In his hometown of Damascus, Osama Alomar is one of the most highly regarded, prize-winning writers in Syria, author of four books and many journal publications. He is a prominent practitioner of, and heir to, the Arabic literary form al-qisa al-qasira jiddan (“very short story”)—a form that dates back more than a millennium in the Arab world and contains elements of poetry, philosophy, folk tale, and allegory. In 2008, Alomar came to the United States to join his mother and older brother, who had emigrated in the 1990s; he has since lived in Chicago, working as a cab driver at the Horizon Taxi Cab Company. In a New York Times article, Alomar is quoted as saying, “Driving a cab is hard work and very hard psychologically, because it takes me away from writing. It is a kind of spiritual exile to go with my physical exile.”
Now, after years of literary obscurity, Alomar’s literary flame has been rekindled by the excitement surrounding Fullblood Arabian, a collection of stories issued by New Directions in 2014 as part of their renowned poetry series. Alomar’s poetic fictions are strange, often humorously satirical allegories, where good and evil battle with indifference, avarice, and compassion alongside striking imagery and effervescent language. Lydia Davis describes them as “wasting no words…they go quickly from one moment to the next and on to the end. So they have density, but also are sort of explosive, with an aftershock, because they seem to tell one story at the same time they are telling another.”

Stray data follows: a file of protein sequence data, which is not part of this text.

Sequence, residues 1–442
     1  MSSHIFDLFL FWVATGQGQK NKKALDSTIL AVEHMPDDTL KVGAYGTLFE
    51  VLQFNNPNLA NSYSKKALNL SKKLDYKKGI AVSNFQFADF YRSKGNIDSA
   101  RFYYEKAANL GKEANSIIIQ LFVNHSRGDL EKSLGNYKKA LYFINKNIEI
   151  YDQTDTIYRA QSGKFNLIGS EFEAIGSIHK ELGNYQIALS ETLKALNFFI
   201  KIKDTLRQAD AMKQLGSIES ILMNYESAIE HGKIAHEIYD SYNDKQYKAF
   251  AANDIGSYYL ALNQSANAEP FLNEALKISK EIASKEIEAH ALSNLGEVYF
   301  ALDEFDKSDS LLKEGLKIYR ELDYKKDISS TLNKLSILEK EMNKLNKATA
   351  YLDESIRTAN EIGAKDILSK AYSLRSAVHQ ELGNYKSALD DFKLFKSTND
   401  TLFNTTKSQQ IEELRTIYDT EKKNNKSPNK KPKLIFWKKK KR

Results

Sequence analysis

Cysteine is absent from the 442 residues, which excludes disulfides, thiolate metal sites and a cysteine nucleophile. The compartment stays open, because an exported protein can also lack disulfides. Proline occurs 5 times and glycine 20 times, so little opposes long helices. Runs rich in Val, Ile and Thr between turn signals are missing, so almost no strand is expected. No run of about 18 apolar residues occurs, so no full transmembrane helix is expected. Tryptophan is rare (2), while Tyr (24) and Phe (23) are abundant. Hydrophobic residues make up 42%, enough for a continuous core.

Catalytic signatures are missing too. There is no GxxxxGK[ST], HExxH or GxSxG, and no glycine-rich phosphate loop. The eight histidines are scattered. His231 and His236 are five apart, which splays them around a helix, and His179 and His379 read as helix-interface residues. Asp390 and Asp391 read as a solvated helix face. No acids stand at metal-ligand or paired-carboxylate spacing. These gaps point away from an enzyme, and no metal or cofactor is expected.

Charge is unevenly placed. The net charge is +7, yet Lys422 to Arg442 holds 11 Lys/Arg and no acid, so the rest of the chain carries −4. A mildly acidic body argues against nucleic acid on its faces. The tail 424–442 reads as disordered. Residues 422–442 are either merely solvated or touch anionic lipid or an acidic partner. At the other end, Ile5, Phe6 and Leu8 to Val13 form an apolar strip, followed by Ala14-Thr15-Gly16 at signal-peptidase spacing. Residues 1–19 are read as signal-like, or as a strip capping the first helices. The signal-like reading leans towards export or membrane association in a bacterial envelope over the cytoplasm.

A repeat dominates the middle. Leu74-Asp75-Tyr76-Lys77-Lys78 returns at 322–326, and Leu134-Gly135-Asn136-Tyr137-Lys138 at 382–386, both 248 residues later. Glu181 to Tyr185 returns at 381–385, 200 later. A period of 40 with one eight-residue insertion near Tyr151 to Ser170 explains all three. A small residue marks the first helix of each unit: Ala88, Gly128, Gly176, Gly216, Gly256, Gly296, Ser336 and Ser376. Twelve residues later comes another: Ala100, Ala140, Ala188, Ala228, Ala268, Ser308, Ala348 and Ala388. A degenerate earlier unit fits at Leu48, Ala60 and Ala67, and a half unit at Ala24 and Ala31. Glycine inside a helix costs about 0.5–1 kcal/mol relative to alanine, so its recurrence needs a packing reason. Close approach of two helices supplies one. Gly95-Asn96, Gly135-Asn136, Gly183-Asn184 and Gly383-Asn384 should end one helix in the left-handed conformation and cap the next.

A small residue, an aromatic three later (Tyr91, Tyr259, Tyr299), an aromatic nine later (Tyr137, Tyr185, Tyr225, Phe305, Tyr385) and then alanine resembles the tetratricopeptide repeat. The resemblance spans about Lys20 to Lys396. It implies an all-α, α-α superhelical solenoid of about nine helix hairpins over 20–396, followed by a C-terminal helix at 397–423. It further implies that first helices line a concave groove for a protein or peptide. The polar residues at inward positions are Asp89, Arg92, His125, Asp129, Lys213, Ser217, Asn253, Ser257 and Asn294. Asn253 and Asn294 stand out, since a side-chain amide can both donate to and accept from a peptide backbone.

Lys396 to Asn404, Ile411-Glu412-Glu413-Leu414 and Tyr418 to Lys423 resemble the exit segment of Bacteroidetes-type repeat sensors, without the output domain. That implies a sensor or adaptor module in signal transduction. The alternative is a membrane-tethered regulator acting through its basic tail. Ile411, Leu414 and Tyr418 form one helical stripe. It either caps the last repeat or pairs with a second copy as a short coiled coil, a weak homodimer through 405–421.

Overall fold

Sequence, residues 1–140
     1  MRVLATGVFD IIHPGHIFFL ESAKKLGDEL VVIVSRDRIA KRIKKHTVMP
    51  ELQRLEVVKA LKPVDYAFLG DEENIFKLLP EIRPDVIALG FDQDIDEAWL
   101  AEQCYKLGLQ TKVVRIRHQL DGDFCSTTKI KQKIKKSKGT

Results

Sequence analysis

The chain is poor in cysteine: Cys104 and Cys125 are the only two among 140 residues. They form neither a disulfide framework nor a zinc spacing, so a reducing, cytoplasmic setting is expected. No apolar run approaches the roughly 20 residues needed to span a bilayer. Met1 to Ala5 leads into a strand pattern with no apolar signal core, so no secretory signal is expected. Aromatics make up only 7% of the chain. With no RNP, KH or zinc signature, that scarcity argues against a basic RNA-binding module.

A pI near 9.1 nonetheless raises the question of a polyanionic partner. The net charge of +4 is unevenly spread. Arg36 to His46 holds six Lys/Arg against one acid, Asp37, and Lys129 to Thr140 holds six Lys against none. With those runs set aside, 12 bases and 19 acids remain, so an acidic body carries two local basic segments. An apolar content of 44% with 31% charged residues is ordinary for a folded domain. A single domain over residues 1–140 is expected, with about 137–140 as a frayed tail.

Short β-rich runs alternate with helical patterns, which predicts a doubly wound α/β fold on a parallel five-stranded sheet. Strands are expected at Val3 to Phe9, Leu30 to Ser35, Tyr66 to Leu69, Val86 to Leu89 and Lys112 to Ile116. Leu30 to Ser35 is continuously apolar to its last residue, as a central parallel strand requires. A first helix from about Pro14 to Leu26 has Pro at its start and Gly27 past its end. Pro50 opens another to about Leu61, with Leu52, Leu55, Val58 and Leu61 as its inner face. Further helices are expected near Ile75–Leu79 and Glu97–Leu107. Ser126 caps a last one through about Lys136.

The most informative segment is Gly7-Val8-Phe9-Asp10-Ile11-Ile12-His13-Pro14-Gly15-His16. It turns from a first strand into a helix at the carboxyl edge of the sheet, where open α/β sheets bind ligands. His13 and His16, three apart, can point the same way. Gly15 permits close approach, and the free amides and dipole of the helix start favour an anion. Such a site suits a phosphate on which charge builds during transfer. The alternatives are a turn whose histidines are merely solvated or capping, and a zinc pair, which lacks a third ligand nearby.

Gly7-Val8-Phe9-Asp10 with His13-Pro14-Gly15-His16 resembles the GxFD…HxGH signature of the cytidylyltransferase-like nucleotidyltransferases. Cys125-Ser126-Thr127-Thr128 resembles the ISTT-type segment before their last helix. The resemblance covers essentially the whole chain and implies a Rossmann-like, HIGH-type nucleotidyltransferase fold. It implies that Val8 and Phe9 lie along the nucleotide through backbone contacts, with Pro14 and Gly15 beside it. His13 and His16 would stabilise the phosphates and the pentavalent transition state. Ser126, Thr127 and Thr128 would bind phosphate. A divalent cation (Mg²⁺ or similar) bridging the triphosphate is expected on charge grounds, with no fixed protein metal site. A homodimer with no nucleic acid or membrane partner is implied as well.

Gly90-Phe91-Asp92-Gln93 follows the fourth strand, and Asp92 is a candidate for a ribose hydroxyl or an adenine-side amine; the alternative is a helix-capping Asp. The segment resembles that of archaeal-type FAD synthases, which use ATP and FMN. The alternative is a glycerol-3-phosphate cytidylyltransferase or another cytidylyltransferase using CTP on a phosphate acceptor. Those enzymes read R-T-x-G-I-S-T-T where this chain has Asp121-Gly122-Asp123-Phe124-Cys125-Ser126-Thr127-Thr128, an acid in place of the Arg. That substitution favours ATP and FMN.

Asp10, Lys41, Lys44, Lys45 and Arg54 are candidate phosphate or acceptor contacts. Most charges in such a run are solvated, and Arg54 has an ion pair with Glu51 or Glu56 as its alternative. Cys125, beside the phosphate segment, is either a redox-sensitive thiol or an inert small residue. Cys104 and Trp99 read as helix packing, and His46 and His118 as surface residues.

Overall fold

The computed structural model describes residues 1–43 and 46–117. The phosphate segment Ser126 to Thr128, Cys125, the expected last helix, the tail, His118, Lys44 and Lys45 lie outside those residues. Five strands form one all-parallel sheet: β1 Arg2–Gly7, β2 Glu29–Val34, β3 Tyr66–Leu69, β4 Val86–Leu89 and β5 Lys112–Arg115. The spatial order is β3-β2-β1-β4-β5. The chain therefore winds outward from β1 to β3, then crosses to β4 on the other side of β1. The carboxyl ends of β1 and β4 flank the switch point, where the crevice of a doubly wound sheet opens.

In English, Alomar has been published by Noon, Conjunctions.com, The Coffin Factory, The Outlet (the blog of Electric Literature), and The Literary Review. In Arabic, he has also published three collections of short stories: Ayuha al-insaan (O Man), Rabtat Lisaan (Tongue Tie), and Jami’ al-huquq ghayr mahfuza (All Rights Not Reserved); and one volume of poetry, qaala insaan al’ asir al hadith (Man Said the Modern World). He is a regular contributor to various newspapers and journals in Syria and the Arab world, among them Tishrin, an-Nur, Spot Light, al-Halil, Adab wa Naqd, and al-Ghad.
Christian Collins, Alomar’s translator, writes: “Osama and I made these translations together in difficult circumstances: most were done in the front seat of his taxi in a Chicago suburb heavy with the ache of immigration and the unimaginable pain of watching one’s country implode from afar. With books and dictionaries piled on the dashboard, hoping the taxi line wouldn’t advance too quickly and force us to break our concentration with another ‘load,’ we were able to make some part of that lost world in Damascus live again, however briefly. May the act of bringing forth this significant Syrian voice in English serve to continue this spirit of understanding and tolerance, bringing depth and nuance to a situation and a part of the world too often reduced in American eyes to a violent caricature of the truth.”
Osama Alomar travels with his translator, Christian Collins.